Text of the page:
… of course this has all been exaggerated to get my point across. I’m sure Mr. Burton is a nice man who would not trick poor unsuspecting authors like this, haha. But… perhaps I should stop worrying about this because it is unlikely that my book would get turned to a movie in the first place!

In all seriousness, if by a stroke of luck you signed up for a movie  deal, would you not be miffed if the script writers and directors altered your story so much to the point where the book and the movie only shared a name? Would you worry that people will like the movie more? Are they any book-to-movie adaptations that you thought were completely dreadful?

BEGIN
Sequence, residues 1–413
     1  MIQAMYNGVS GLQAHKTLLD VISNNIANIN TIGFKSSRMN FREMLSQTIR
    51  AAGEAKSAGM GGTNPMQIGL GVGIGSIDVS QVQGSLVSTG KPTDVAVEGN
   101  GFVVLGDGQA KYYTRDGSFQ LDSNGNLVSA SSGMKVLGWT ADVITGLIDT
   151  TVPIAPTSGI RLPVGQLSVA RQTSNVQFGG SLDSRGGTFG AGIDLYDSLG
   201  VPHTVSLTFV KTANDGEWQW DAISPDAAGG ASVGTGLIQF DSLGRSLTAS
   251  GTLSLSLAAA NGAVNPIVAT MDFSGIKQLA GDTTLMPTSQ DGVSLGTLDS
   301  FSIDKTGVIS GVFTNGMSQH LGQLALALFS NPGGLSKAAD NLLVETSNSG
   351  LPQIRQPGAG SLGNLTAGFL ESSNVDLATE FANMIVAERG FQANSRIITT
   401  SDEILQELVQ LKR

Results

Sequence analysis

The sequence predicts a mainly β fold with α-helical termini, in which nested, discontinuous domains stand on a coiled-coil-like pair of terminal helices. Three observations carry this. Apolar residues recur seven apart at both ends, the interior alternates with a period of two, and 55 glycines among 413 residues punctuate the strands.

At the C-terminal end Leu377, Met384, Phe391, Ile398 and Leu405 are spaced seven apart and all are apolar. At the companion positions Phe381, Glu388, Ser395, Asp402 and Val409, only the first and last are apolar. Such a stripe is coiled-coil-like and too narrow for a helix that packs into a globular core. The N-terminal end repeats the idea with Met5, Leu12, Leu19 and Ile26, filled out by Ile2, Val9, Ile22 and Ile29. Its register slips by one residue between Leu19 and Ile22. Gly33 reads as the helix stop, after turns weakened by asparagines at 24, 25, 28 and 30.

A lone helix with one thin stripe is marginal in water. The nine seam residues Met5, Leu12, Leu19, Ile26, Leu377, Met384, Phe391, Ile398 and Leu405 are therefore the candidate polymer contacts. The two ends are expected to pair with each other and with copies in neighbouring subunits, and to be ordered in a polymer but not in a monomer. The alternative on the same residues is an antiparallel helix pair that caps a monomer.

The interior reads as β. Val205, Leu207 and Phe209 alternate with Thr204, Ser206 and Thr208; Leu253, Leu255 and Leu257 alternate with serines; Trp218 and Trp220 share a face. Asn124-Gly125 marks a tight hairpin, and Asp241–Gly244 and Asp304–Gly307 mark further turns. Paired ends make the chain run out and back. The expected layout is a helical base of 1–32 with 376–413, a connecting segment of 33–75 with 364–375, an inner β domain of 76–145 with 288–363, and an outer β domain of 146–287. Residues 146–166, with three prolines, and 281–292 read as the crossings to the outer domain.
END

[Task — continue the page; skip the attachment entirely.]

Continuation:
And don’t forget, you can still enter to win a $15 Amazon Gift Card or a copy of Puppet Parade here!

32 thoughts on “A Book’s Worst Nightmare

  1. In an ideal world, the movie would mirror the book – much as the first Harry Potter did. But life’s not like that. Remember the original Italian Job? It wasn’t written as a frivolous British romp – but a hard, gritty gangster movie. My debut novel ‘A Construct of Angels’ is set in York and I have (ocasional) nightmares that it would be bought and re-sited in NEW York.
    Yes, it would be disappointing, but with the number of zeroes that would end up in my bank, I could probably live with it…and write comfortably for the rest of my days 😀

    1. Oh don’t get me started on Harry Potter. The first two movies were good, but the third one was just plain bad… which sucks since the 3rd book is my favourite. But I suppose those zeroes would make up for it, yes. 😉